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There is no evidence that either a flank or midline approach for spaying cats is consistently associated with more wound complications, and, overall, complication rates appear to be low.
Miss Tabby brings you a colony of feral cats she has trapped in her garden to be neutered. The cats cannot be handled and will be monitored postoperatively by visual inspection from at least 10 feet away. She asks you if they can be spayed via a flank approach so that she will be able to see the incision site more easily.
However, as the cats can only be monitored from a distance, and re-trapping after surgery would be difficult, any postoperative complications would be very difficult to address and could potentially pose a serious welfare concern. You wonder if using a flank approach would lead to more postoperative wound complications than a midline approach.
In [female cats that are being neutered] does a [midline surgical approach as compared with flank] [decrease wound complications following surgery]?
The search strategy can be viewed at https://bestbetsforvets.org/bet/558, and it is also available as a supplement to this article on Vet Record’s website at https://veterinaryrecord.bmj.com/content/186/6/188
One hundred and thirty-two papers were found in the Medline search.
One hundred and twenty-nine were excluded because they did not answer the question.
In total, three relevant papers were obtained.
Two hundred and twenty-one papers were found in the CAB search.
Two hundred and fifteen were excluded because they did not answer the question.
Four papers were excluded because they were review articles, in vitro research or conference proceedings.
In total, two relevant papers were obtained.
Overall, a total of 3 relevant papers were identified.
Search last performed: 30 January 2020
Summary of evidence
Paper 1: Prospective comparison of perioperative wound and pain score parameters in cats undergoing flank vs midline ovariectomy1
Patient group: A total of 75 client-owned animals presented to a veterinary clinic for elective ovariectomy.
Study type: Randomised controlled trial.
Outcomes: The cats’ resting heart rate, respiratory rate and resting pain score (measured using the feline acute pain scale [FAPS]) were monitored both before surgery and intraoperatively. The duration of surgery and any intraoperative complications occurring (including hypotension, haemorrhage, slipping of ligatures or break in aseptic technique) were also recorded.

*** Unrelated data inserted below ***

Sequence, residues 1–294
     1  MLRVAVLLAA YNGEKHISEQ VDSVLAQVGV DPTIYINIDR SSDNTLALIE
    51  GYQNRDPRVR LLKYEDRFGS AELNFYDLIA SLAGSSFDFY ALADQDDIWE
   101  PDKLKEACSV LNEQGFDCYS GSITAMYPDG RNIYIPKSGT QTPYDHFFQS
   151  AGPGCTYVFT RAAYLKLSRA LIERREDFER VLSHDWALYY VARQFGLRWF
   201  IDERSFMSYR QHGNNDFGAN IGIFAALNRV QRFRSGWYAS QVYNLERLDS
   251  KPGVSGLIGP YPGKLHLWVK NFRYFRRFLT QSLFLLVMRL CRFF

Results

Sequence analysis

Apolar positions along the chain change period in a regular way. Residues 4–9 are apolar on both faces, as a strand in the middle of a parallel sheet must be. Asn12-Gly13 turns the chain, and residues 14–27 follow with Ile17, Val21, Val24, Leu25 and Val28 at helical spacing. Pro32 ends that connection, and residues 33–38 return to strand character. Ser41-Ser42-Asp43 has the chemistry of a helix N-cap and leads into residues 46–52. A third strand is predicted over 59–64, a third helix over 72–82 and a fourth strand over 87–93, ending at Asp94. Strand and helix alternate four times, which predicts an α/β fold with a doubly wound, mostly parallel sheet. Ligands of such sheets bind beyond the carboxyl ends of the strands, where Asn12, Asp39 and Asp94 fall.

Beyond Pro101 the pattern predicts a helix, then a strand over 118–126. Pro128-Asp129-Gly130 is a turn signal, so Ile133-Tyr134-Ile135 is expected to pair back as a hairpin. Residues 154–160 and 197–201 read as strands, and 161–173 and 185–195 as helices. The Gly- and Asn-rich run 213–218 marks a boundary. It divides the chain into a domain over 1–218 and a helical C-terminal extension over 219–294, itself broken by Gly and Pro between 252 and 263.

Resting pain, wound tenderness, surgical site swelling, discharge from the wound and periwound erythema were assessed one hour after surgery, at time of discharge and three and 10 days after surgery.
Key results: The duration of surgery and the number of intraoperative complications occurring did not vary significantly between the two surgical approaches. Cats in both groups had significantly higher FAPS scores after surgery, with cats in the flank group having significantly higher scores than those in the midline group at one hour after surgery and at discharge. However, cats in the midline group had significantly higher scores than those in the flank group at the three day and 10 day postoperative re-examinations.
Swelling of the surgical wound was significantly higher in cats in the midline group at the time of discharge, as well as at the three day and 10 day re-examinations. No cats in either group were reported to have a wound breakdown or infection.
Study weaknesses: No details about the block randomisation were given, and many of the scales used to measure wound complications were not validated. In addition, another study’s sample size calculation was used to justify the number of animals recruited to the study. This issue is compounded by the number of animals dropping out of the follow-up assessments, with 32 per cent missing from the three day postoperative examination and 53.3 per cent missing from the 10 day examination.
As the surgeries were carried out by veterinary students, they took considerably longer than would normally be expected. Non-steroidal anti-inflammatory medication was also only administered postoperatively, which is likely to have reduced its effectiveness.